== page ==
atillathehun (113468) | more than 12 years ago | (#127314)

Maybe you could apply it to a well known computer system and give it the look and feel of another system. If this works call your filter a gate. You could bill for your gates...

Re:Since when did Slashdot become... (1)

snarkh (118018) | more than 12 years ago | (#127315)

Slashdot is certainly an unusual forum to discuss scientific publications.

I wonder if this can be applied to cryptography... (1)

malfunct (120790) | more than 12 years ago | (#127317)

It seems possible to apply this technology as a more general filter. If you take data encoded by a process and the result, make a great number of training sets, then it should be possible to take some result and go "backwards" through the encryption process to get the result. The problem is there isn't nearly as direct of a link between the decrypted and encrypted code as there is between the old visual object and the new visual object.

I guess I'm just curious of how much this is limited to the "visual" world and whether it could be applied to create abstract digital filters.

Re:Close, but no severed ear... (2)

garagekubrick (121058) | more than 12 years ago | (#127318)

Admittedly, yes, Van Gogh was a post impressionist, but expressionism derives directly from himself and Gaugin to a large degree (and perhaps even Japanese watercolor).

As for my interpretation of "the true meaning of the artist" - whether or not I agree with the concept of all art needing some intangible, metaphysical, or even spiritual explanation that is derived from the ego of the artist (which I don't necessarily) - Van Gogh has become a cause celebre for the artist whose life was as important as their work. It's part of the reason for the ridiculous prices associated with his work. His letters to his brother established him as a figure after his death, and a cursory read would reveal that there were specific personal and deterministic notions in his endeavours. It may be trite to yourself, but it drives the ridiculous art market today, and many would say that it began with Van Gogh. Van Gogh's work is part and parcel with his life, interminably, for better or for worse - it is impossible to seperate him from his time and its technology and image processing capabilities.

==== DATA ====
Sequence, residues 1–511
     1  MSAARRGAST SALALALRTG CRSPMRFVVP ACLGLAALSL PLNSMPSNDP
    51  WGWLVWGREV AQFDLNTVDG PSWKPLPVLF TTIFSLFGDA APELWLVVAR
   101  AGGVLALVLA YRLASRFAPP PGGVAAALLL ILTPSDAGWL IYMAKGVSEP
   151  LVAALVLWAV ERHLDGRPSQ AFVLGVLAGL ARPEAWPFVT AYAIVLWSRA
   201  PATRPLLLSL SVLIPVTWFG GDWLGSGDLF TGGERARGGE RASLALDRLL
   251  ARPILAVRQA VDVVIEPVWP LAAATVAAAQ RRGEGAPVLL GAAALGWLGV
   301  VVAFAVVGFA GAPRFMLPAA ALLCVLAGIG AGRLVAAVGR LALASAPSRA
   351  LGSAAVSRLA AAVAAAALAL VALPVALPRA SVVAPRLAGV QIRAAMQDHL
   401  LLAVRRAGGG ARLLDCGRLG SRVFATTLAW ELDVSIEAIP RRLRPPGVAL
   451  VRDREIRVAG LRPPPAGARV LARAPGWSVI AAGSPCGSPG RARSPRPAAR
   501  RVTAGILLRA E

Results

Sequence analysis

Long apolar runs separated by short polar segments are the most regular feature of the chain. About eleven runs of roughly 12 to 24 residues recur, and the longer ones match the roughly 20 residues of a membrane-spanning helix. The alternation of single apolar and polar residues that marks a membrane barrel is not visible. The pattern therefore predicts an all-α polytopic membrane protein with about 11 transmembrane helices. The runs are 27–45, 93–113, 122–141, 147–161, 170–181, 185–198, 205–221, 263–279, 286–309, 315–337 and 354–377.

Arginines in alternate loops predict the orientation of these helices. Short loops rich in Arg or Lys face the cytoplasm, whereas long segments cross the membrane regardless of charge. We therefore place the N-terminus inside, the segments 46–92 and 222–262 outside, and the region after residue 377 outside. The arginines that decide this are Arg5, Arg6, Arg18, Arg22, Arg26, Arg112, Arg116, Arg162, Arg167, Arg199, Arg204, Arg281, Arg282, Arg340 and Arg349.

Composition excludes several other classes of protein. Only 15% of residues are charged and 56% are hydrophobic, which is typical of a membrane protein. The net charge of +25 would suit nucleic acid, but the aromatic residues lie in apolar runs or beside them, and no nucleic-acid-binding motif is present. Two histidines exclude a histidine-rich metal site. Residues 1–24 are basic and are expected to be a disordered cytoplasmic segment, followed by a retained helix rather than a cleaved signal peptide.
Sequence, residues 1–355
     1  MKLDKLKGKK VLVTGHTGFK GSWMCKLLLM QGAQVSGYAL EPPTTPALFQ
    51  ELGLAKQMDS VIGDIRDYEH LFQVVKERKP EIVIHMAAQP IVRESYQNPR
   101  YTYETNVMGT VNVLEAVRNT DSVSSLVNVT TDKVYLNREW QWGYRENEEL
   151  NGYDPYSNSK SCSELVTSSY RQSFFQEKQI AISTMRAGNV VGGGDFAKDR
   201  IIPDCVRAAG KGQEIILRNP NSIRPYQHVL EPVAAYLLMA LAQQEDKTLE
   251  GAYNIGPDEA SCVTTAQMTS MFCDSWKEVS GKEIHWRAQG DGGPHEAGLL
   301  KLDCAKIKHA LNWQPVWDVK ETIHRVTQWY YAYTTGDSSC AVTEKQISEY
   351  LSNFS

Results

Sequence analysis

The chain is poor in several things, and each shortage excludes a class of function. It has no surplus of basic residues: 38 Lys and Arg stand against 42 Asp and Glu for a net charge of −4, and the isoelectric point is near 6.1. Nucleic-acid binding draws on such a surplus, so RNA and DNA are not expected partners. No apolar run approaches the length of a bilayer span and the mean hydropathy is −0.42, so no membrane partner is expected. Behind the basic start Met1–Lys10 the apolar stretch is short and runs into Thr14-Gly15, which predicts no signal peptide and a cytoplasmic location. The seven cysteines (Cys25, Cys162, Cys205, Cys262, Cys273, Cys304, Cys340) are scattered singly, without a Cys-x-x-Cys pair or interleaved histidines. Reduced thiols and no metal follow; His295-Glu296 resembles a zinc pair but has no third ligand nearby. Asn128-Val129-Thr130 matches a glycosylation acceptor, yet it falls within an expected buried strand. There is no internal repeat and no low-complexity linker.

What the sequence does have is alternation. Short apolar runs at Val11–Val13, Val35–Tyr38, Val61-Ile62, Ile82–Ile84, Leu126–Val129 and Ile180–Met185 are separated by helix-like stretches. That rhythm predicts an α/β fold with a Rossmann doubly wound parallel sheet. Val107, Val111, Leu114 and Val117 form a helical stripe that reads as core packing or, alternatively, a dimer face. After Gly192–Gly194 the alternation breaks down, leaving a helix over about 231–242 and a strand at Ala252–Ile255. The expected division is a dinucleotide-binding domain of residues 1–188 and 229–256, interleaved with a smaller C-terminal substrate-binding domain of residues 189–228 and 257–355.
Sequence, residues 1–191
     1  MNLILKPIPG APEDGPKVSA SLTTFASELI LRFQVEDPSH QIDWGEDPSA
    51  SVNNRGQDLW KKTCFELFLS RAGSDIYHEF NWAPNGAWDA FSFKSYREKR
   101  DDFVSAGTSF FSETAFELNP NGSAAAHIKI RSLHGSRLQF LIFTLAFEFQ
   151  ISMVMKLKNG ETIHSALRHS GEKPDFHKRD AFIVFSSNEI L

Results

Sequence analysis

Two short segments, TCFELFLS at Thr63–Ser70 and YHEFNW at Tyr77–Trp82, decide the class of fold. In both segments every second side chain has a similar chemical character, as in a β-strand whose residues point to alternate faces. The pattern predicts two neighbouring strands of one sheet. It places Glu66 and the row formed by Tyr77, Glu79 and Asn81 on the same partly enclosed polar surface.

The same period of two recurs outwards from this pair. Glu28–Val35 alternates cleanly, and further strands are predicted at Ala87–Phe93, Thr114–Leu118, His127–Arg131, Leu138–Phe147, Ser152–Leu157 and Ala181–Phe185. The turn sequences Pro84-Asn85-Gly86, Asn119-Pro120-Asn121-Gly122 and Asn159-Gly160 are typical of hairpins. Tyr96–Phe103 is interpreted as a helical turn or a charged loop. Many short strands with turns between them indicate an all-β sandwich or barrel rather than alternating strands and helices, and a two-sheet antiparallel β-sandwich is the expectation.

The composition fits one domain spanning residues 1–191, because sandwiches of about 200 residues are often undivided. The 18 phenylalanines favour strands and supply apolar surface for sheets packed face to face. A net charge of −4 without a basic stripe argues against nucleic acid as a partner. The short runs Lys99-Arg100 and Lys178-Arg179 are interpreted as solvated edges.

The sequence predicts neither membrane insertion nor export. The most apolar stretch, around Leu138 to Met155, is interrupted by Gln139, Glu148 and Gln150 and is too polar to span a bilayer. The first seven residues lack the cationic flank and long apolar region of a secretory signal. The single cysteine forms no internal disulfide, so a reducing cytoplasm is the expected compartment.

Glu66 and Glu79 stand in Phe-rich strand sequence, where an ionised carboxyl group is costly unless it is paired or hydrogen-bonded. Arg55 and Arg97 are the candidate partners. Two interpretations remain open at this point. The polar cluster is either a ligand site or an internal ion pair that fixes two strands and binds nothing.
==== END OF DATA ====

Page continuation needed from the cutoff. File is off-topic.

And I do stand corrected on what's different about this work and what it's for (imagine using texture by numbers to generate landscapes for computer games rather than storing the textures). I will stand by the fact that when it comes to mimicking an artist's strokes the material will only ever be as good as a) what's fed into it and b) a pale imitation, good for only some FX gag I expect to see in some music video and then vanish.

Close, but no severed ear... (5)

garagekubrick (121058) | more than 12 years ago | (#127319)